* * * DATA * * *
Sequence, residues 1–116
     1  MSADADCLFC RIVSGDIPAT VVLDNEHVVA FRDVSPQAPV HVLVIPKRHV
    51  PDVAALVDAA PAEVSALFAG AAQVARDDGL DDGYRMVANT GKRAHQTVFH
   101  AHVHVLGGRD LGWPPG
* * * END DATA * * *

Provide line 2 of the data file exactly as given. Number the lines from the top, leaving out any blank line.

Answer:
     1  MSADADCLFC RIVSGDIPAT VVLDNEHVVA FRDVSPQAPV HVLVIPKRHV